I would very much like to know more about how you prepared and how much of training is required for a “normal human being” to be able to finish the Ironman?

    On the face of it, the Ironman triathlon looks extremely difficult. And I’m not an athlete by profession but by hobby. I’m just an adventurous 22 year old guy. When I first heard about this triathlon, I thought it would be an awesome experience if I could do this atleast once in my lifetime. I ignored the dream thinking it was not feasible for someone like me who lives a busy life (and I’m lazy too :P). But now, thanks to your article, I may have to take my goal seriously :(

    “Anyone can do an Ironman?” Seriously? I’m willing to train properly for a few hours a week, but I really really really doubt my chances!

    • Hi JsR,
      The only thing that will determine whether you can or cannot do anything is your decision to do it. Five years ago, I started running my first 5K and hated it! It felt exhauting and I struggled to finish in just less than 30 minutes. However, I did my due deligence and read up on how other people can run effortlessly and faster than me. It’s now 5 years later and I have done 6 marathons. Ask me if I would and could have done marathons 5 years ago and I would think you were crazy. The one thing that made the difference was my decision to do it and no one was stopping me.

      8 months ago, I made another decision to do my first ironman and signed up for it. I had many skeptics around me saying it is a crazy idea as but nothing was going to stop me. My event is about one month away and the training has been challenging but rewarding. I hope your mental committment can be as strong as mine. And one more thing, you are only 22 and I am 50. Your younger age will be a big plus for you. Good luck.
      Chu

  59. Susan, I am in well into my Ironman training and wanted to let you know I am still all in. My confidence waxes and wanes but I keep going forward. I continue to be inspired by your words and read your story when my confidence is at a low. Thanks again, Pam.

  60. Scott Holst says:

    What an amazing & inspirational article. I’m currently training for my first half ironman in Wisconsin. I have lost 20lbs in 2 months. I have a ways to go. Articles like this keep me going!

  61. I love the story you talled and the great advise i am 12 and think it is great that you are doing what you are doing and hope that one day i will do the same and be doing races like Ironman too.

  62. Excellent article, very inspirational.

    Thanks.

  63. RAy Delahoussaye says:

    good for you! that’s amazing. i’ve been doing tri’s for 3 years and i am just now doing my first half ironman. I look up to you. That’s a great accomplishment. And your doing it for the right reasons! Fun, accomplishment, a healthy life! Since I started I’ve gotten 5 of my friends to start participating in them. That to me is almost more fun watching them achieve than doing the events myself!
    Ray

  64. I am someone who is trying to tackle the journey of doing a half ironman in 2013. This brought me to tears. Thank you for sharing your story.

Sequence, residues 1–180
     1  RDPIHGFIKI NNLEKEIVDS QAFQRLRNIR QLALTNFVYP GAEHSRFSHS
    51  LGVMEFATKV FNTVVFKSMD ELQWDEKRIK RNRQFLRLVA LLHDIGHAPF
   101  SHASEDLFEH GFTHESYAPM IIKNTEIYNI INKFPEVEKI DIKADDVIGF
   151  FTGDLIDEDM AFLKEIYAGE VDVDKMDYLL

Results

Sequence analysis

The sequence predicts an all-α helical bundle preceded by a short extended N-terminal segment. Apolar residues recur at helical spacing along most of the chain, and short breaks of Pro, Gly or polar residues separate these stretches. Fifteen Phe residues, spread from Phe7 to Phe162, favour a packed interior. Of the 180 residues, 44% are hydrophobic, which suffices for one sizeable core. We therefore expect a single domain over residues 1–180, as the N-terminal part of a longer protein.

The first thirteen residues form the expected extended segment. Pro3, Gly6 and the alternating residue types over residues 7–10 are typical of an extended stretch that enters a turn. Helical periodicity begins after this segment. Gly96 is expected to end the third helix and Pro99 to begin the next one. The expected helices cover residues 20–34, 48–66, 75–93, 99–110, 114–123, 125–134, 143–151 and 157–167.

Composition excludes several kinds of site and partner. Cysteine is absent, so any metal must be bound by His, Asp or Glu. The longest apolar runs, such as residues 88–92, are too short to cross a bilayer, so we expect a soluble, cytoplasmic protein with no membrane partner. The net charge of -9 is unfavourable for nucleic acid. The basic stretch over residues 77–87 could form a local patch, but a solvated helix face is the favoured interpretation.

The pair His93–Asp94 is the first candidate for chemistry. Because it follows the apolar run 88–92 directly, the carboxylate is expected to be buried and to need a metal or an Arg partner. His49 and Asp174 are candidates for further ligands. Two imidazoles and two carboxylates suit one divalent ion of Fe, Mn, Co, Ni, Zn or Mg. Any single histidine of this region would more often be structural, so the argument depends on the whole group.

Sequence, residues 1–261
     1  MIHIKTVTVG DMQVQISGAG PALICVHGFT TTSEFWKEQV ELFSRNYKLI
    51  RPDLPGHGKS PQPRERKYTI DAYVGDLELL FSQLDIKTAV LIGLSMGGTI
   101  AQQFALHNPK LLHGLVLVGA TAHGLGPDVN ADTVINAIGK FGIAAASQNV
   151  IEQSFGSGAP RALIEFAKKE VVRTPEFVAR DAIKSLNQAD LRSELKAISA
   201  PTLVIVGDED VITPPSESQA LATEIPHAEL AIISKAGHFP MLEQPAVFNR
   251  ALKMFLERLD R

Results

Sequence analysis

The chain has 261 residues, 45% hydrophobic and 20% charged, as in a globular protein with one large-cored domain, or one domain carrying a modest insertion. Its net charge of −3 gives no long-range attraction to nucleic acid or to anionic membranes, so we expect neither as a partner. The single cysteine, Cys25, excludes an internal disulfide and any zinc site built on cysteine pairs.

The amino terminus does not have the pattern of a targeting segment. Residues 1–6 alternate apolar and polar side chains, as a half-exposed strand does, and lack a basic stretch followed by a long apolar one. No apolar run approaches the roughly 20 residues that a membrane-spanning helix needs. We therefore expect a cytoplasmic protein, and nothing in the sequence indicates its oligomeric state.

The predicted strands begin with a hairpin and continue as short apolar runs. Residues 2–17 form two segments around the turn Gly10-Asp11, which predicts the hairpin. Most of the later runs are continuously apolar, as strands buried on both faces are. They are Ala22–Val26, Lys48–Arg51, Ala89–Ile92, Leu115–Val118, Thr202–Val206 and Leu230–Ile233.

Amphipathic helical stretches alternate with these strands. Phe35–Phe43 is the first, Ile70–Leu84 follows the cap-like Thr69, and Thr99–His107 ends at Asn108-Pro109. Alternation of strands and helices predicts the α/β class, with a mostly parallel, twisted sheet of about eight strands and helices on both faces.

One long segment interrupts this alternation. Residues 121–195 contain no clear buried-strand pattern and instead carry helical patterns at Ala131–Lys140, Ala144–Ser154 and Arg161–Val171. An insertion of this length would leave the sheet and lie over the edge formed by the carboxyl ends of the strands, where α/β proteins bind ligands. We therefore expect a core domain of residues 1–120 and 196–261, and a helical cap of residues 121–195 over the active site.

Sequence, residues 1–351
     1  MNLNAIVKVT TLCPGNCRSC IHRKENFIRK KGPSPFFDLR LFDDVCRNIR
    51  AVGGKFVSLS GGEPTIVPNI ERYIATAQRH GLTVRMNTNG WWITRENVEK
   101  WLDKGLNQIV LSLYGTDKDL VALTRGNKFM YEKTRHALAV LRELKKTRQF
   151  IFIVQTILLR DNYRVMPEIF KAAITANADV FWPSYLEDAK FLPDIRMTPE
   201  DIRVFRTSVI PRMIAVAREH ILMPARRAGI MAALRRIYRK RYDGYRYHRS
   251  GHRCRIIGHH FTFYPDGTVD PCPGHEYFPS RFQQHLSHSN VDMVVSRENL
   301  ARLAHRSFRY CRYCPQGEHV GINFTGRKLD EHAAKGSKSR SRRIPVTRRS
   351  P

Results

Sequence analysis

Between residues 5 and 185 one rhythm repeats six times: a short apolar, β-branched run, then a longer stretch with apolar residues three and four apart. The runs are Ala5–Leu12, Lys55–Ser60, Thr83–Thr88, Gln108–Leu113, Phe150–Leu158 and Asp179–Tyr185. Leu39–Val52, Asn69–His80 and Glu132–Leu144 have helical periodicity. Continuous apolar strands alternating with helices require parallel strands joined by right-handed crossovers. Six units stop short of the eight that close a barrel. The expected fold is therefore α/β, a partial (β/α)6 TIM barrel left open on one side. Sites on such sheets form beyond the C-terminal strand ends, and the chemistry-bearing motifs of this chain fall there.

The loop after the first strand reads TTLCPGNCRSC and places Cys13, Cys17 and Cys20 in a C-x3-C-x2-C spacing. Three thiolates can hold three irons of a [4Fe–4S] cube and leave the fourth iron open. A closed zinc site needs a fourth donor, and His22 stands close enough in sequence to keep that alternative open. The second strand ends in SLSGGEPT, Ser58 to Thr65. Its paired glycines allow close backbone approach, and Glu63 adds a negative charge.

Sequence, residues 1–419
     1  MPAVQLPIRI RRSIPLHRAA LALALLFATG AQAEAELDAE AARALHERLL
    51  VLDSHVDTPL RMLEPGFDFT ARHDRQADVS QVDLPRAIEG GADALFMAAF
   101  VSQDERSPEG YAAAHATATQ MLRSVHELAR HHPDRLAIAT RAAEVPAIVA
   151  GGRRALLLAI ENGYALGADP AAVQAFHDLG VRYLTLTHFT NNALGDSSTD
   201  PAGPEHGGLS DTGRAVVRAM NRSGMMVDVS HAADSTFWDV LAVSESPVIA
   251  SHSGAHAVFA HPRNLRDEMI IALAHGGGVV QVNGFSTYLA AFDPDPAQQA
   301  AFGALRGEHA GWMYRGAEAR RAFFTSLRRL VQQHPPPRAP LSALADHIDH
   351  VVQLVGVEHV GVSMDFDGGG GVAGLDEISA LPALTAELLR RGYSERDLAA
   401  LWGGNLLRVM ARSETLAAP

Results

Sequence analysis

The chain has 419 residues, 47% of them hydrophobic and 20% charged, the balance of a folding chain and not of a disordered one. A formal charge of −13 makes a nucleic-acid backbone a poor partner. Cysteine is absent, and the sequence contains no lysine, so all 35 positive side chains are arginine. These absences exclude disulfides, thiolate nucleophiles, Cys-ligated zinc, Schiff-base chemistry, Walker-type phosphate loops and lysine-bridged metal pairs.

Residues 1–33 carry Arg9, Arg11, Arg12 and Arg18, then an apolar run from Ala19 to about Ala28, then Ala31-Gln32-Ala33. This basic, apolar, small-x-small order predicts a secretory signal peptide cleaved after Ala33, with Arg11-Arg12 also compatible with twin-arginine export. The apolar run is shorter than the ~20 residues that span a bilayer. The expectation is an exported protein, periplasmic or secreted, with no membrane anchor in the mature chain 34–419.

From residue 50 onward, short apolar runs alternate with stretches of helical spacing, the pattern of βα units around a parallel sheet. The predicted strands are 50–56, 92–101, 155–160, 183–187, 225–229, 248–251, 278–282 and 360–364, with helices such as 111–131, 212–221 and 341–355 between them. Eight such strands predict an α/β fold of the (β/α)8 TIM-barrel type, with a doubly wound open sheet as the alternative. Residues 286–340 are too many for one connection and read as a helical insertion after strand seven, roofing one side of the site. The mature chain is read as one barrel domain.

65. Hi

    I have just started (6 weeks ago) training for the first time in 20 years. I am planning on doing IM Austria in two years time and your story is awesome, and very inspirational.

    My wife and I have been following a sort-of paleo diet for a while but I am keen to massively increase our plant food intake, mostly through green smoothies I think. (I am new to this also).

    Any help you (or anyone else) can give wold be great.

    Thanks

    Dave

  66. Matt Chapman says:

    Hi Susan

    As a fellow former chubby I have lost 26kgs over the past 2 years and today finished my first marathon. I will now begin training for my first Ironman NZ in a weeks time and you have inspired me and given me hope that I CAN do it having only completed 1 triathlon previously.

    Thank you for sharing your story

  67. Nicole Alexa says:

    You are INCREDIBLY inspiring to me.. I’m 14 and sine i was 8 i wanted to complete an ironman… I Think its fascinating what people do and Now i’ve decided that i’m doing it when i turn 18(Think thats the limit) and im getting there… Im training… I run 3k everyday in every weather with no exceptions.. I run to School and back 4,5 k total i run to my fitnesscenter and i run to my dancing lessons, really i run where its possible….. Im gonna be an IRONMAN!!! Thank you for making me believe that “Anyone can be an ironman!” Im grateful… (Sorry for Weird Capital letters in the middle of sentences, pst…..IPHONES!!!)

  68. Calesse Cardosi says:

    I’m just curious. about how many hours a week did you dedicate to your training and how many months did you train for?

Trackbacks

  1. [...] night I read a great blog post from Susan at No Meat Athlete, with a recap of her first Ironman that was two weeks ago.  When I [...]

  2. [...] Anyone Can Do an Ironman (tags: ironman sports psychology) [...]

  3. [...] not true, Santa. I really was busy this year. I mean, I trained for an Ironman! That's gotta count for something, right? I'm sure you know how it is. Don't you [...]

  4. [...] did a 5K, then a half-marathon, a marathon and an Ironman triathlon…and with each race, my body [...]

  5. [...] did a 5K, then a half-marathon, a marathon, and an Ironman triathlon…and with each race, my body [...]

  6. [...] believe me?  Look Here, at this awesome recap written by a NoMeat Athlete!!!,  Or if you prefer Here, as an Austrailian [...]